Fulton says Pennsylvania law requires vehicles to stop when a school bus has its red lights flashing and stop arm extended.  However, she says people violate that law every year, so students are urged to be cautious and always look left, right, then left again to make sure no vehicles are coming.

Fulton says if something falls near the bus when a child is getting on or off, the child should never try to retrieve it. The bus driver should be notified immediately.

In some areas, budget cuts have caused a reduction in school bus service.  Fulton says students who are walking to school need to walk against traffic and use sidewalks. She says bike riders need to ride with traffic, and walk their bikes across intersections.

 Fulton says children under 10 should not cross the street alone. Safe Kids PA recommends using the “walking school bus” if there are a number of children from the same community.  It involves one adult walking in front of the group of children and the other in the back to make sure the group gets to school safely.

Drivers are reminded to allow extra time to get to their destinations as school buses return to the roads.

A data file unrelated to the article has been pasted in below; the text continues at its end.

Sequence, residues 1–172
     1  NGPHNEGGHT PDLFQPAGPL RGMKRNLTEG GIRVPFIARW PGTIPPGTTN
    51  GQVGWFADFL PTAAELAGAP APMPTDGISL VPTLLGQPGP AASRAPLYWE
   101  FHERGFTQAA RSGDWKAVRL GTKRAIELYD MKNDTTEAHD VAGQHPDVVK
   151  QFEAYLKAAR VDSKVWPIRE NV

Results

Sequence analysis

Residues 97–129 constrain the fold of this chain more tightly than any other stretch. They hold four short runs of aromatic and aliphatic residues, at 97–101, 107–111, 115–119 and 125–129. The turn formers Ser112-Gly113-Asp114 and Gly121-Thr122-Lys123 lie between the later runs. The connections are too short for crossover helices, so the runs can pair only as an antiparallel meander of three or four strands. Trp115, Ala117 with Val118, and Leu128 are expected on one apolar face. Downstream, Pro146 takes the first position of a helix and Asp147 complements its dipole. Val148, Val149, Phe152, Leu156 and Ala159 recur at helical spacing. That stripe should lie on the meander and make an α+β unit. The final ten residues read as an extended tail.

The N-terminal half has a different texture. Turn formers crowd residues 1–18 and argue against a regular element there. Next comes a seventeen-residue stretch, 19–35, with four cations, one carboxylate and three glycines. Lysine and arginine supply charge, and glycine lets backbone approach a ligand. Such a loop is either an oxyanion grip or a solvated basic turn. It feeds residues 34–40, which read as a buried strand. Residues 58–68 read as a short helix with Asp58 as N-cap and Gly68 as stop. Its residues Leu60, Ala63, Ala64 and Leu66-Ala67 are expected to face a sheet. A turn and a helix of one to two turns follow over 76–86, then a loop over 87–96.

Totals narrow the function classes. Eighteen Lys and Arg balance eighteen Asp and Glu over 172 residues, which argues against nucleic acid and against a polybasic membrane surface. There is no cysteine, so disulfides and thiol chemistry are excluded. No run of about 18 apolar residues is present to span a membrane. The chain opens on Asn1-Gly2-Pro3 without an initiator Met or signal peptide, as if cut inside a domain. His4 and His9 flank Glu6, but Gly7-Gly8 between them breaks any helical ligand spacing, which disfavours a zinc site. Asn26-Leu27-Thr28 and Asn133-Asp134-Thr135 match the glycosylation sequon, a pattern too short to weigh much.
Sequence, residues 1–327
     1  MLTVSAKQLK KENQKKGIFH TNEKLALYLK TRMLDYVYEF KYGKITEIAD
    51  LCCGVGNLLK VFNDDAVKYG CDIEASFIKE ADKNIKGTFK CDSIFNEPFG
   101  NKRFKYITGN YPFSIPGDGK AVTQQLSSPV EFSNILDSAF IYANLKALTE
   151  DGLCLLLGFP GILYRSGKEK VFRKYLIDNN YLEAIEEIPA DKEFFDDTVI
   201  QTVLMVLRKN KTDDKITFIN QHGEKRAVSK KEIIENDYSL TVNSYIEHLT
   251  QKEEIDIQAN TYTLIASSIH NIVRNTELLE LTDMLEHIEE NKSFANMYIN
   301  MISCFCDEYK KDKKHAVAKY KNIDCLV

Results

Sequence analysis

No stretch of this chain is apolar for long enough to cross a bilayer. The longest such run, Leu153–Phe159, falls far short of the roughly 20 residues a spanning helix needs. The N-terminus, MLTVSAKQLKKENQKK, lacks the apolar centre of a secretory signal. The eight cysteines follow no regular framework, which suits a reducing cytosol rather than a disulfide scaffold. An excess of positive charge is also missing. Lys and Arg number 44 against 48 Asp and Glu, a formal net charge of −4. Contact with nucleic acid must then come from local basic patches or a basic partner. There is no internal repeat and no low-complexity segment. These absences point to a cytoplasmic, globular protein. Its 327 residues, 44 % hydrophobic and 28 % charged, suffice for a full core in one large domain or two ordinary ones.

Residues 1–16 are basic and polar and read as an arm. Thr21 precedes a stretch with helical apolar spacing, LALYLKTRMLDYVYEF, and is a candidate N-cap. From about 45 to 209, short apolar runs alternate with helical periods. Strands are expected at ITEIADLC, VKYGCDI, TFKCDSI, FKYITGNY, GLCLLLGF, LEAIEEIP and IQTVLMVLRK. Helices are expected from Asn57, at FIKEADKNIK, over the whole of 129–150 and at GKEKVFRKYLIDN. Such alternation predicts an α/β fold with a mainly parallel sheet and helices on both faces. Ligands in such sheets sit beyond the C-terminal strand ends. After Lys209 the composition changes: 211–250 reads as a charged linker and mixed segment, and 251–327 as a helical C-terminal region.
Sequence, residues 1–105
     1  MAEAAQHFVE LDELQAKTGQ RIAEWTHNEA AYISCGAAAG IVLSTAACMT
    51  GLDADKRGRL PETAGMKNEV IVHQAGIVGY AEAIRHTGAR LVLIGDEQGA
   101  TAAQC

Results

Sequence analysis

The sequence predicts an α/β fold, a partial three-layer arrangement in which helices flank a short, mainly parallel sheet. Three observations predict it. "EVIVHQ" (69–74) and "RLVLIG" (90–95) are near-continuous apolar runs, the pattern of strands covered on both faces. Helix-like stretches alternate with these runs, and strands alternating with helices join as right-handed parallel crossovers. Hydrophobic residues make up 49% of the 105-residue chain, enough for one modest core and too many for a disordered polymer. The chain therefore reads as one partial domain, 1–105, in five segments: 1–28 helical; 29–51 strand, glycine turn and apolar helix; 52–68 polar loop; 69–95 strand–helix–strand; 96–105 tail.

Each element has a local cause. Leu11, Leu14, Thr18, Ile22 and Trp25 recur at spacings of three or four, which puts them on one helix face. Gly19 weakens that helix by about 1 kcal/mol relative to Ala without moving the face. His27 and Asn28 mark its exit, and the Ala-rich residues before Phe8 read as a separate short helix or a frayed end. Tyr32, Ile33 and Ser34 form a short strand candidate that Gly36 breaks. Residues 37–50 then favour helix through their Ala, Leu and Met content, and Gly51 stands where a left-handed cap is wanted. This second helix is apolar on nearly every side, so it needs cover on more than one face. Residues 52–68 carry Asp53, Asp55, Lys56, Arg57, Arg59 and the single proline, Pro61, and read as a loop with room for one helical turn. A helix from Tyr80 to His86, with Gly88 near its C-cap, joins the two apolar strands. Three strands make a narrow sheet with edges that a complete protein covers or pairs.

Prescription Drug Abuse

New Report Finds Gaps in Oversight for U.S. Drug Safety

A new study by the Pew Health Group finds serious gaps in the oversight of U. S. drug safety.  The report says about 40% of finished drugs and 80% of active ingredients and the bulk chemicals in U. S. pharmaceuticals come from overseas.

Allan Couckell, director of medical programs for the Pew Health Group, says the vast majority of what’s on the shelves is not counterfeit or adulterated.  But he says the change in manufacturing toward increased globalization and outsourcing means there are new risks that need to be addressed.

Couckell says in developing countries, where our drugs increasing come from, often the products are made in facilities that have less oversight from their domestic regulators. He says they’re not being inspected by the Food and Drug Administration like a producer in the United States would be inspected.

Couckell says U.S. manufacturing facilities are inspected on a regular basis, but if the same product is coming from India or China, it may be going into the drug store without any inspections. He says that’s true for prescription and over-the-counter products.